Heat stress — and heat-related injuries such as cramps, syncope or hyperpyrexia — occur when the body overheats. The Canadian Centre for Occupational Health and Safety (CCOHS) says that most people feel comfortable when the air temperature is between 20°C and 27°C (and when relative humidity ranges from 35 to 60 per cent).

    Danger occurs when very hot environments drive your internal body temperature several degrees above the normal temperature of 37°C, which overwhelms the body’s natural cooling systems.

    There are many factors that can contribute to heat stress: air temperature, hot sources, humidity and, of course, what type of clothing

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  5. Study Finds More than One-Half of Workers Exposed to Noise do not Use Hearing Protection While on the Job

    A new NIOSH study estimates that more than one-half of noise-exposed workers did not use hearing protection “always” or “usually” when exposed to hazardous occupational noise. A Hearing protection device (HPD) non-use was only measured in workers who reported exposure to noise on the job. The study was published online October 1, 2021 in the American Journal of Industrial Medicine. Around 22 million people in the U.S. are exposed to hazardous noise at work each year. Researchers found female workers, young workers (aged 18-25) and current smokers had a significantly higher prevalence of HPD non-use.

    “Our findings regarding HPD non-use by gender and age group are consistent with previous studies,” said Elizabeth Masterson, PhD, research epidemiologist and study co-author. “However, no prior relationship between smoking and HPD non-use has been reported. Our study was the first to find a significant association between current smoking and HPD non-use.”

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  6. How to utilize tech expertise to improve construction industry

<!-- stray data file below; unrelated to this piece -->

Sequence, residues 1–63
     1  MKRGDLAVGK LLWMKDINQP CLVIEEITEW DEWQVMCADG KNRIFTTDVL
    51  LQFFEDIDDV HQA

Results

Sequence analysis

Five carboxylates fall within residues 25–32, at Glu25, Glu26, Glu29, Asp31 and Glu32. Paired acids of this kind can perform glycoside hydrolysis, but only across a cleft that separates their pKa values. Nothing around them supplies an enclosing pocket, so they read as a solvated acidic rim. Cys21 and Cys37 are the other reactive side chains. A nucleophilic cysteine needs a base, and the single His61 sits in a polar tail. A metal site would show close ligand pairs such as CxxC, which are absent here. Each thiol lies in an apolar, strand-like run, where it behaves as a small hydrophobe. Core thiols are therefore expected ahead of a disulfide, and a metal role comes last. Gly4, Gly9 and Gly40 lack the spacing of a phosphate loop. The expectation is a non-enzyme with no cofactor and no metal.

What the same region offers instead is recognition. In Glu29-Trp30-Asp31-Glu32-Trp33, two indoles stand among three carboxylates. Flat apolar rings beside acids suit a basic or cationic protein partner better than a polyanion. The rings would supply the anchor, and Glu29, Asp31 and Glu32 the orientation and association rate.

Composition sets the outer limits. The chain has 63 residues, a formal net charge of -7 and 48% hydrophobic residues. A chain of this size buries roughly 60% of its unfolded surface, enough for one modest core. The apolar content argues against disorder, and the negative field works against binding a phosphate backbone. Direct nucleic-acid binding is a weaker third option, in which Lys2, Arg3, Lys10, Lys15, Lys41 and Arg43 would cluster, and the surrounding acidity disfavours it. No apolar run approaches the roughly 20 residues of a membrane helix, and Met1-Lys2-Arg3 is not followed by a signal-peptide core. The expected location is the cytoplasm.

The construction industry has long been considered a relatively analog sector. Though there is certainly a great deal of machinery involved, it is still most often associated with hands-on activities. Experts in engineering, building, and architecture applying their talents to creating everything from basic housing to impressive works of art. Yet, just as with almost every area of our contemporary way of life, there are ways advanced digital technology is transforming the construction sector.

    The technological tools now commonplace in construction are instrumental in making projects safer and more efficient for workers, alongside being more environmentally friendly. Some of these take relatively familiar forms — handheld mobile devices to collect, analyze and share information are a part of modern life. While others are more advanced, like strength-augmenting exoskeletons and drone-mounted monitoring tools. An exciting aspect of this is that the industry increasingly needs c

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  7. OSHA cites contractors for fall hazards

    The Occupational Safety and Health Administration (OSHA) recently cited a masonry and stucco contractor in Fort Worth, Texas, and a roofer in Orwell, Ohio, for exposing employees to fall hazards; the agency proposed six-figure penalties for each employer.

    On September 17, OSHA cited RM Masonry and Stucco Inc. of Fort Worth for exposing workers to fall and silica hazards after having cited the company for similar violations in 2018 and 2019. The agency cited the company for 9 repeat and 6 serious violations, including failing to ensure that scaffolding was properly planked and secured, provide a ladder for safe egress, and inspect scaffolding. OSHA is seeking penalties totaling $216,265.